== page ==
Google sells AI for building AI (novices welcome)
Alphabet Inc.’s Google Home Mini smart speakers are displayed on screens as attendees stand in line to enter the company’s exhibit at the 2018 Consumer Electronics Show (CES) in Las Vegas, Nevada, U.S., on Thursday, Jan. 11, 2018. Electric and driverless cars will remain a big part of this year’s CES, as makers of high-tech cameras, batteries, and AI software vie to climb into automakers’ dashboards. Like many of the world’s largest internet companies in recent years, Google has begun relying on machine learning — computer algorithms that can learn tasks on their own by analyzing large amounts of data.
Source: Cade Metz,
SAN FRANCISCO — Google has been using artificial intelligence to build other artificially intelligent systems for the past several months.
Now the company plans to sell this kind of “automated machine learning” technology to other businesses across the globe. On Wednesday, Google introduced a cloud-computing service that it bills as a way to build a so-called computer vision system that suits your particular needs — even if you have little or no experience with the concepts that drive it.
If you are a radiologist, for example, you can use CT scans to automatically train a computer algorithm that identifies signs of lung cancer. If you run a real estate website, you can build an algorithm that distinguishes between living rooms and kitchens, bathrooms and bedrooms.
At least that is the pitch.
“You don’t need a Ph.D. in machine learning,” said Diane Greene, who oversees Google’s cloud computing group. “But you can still build a highly accurate machine learning model.”
Like many of the world’s largest internet companies in recent years, Google has begun relying on machine learning — computer algorithms that can learn tasks on their own by analyzing large amounts of data. These include systems that learn to recognize commands spoken into smartphones or translate one language into another. They also include algorithms that learn to build other machine learning systems.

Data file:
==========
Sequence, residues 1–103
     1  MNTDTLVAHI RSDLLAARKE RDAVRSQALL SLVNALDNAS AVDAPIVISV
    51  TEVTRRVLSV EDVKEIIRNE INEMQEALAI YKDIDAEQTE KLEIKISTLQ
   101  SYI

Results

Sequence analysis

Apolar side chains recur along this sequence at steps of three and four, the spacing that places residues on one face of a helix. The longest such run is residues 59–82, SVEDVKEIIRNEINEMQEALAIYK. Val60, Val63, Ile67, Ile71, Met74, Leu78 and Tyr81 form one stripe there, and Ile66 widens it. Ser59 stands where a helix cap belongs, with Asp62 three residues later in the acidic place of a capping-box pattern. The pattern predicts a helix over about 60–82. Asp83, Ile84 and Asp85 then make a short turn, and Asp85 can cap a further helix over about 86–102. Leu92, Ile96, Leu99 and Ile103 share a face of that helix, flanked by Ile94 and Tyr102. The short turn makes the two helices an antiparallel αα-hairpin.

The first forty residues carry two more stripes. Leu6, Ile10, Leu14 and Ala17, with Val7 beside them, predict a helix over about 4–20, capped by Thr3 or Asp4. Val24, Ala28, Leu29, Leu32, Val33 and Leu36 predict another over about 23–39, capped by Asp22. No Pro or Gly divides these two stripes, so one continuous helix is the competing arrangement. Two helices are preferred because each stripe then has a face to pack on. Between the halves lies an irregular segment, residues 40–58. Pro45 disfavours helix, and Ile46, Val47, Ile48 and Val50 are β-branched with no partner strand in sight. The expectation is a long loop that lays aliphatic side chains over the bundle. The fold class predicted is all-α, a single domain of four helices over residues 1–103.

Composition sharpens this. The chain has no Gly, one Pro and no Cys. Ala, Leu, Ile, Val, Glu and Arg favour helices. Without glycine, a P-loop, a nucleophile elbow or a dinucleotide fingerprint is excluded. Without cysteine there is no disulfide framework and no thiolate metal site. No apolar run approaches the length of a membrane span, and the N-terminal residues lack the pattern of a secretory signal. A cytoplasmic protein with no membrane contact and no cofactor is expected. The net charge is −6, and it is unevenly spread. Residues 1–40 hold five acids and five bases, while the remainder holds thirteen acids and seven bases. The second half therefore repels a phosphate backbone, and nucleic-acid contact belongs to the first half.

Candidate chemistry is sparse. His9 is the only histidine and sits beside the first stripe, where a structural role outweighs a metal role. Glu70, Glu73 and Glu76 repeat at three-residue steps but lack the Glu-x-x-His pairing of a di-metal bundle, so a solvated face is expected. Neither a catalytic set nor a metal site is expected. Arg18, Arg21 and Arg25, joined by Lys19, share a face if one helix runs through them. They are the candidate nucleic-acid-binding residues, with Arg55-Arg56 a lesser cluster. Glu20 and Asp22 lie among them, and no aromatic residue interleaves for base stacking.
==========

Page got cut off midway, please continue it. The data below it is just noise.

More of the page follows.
Google uses the technique while building systems that can recognize faces, products, landmarks and other objects in photos. In some cases, these algorithms are more accurate than something that is designed solely by engineers.
The new service is part of a widespread effort to expand the power of modern AI to businesses that are largely unfamiliar with this rapidly evolving technology. Like Google, a New York startup called Clarifai offers an online service that helps customers train computer vision algorithms.
At the same time, several other startups, such as Boston’s DataRobot and Silicon Valley’s H2O.ai, offer services designed to help businesses analyze the way that products, customers, markets and employees behaved in the past and predict how they will perform in the future.
“They aim to automate data science in general,” said Randy Olson, a data scientist at Life Epigenetics, a company in Portland, Oregon.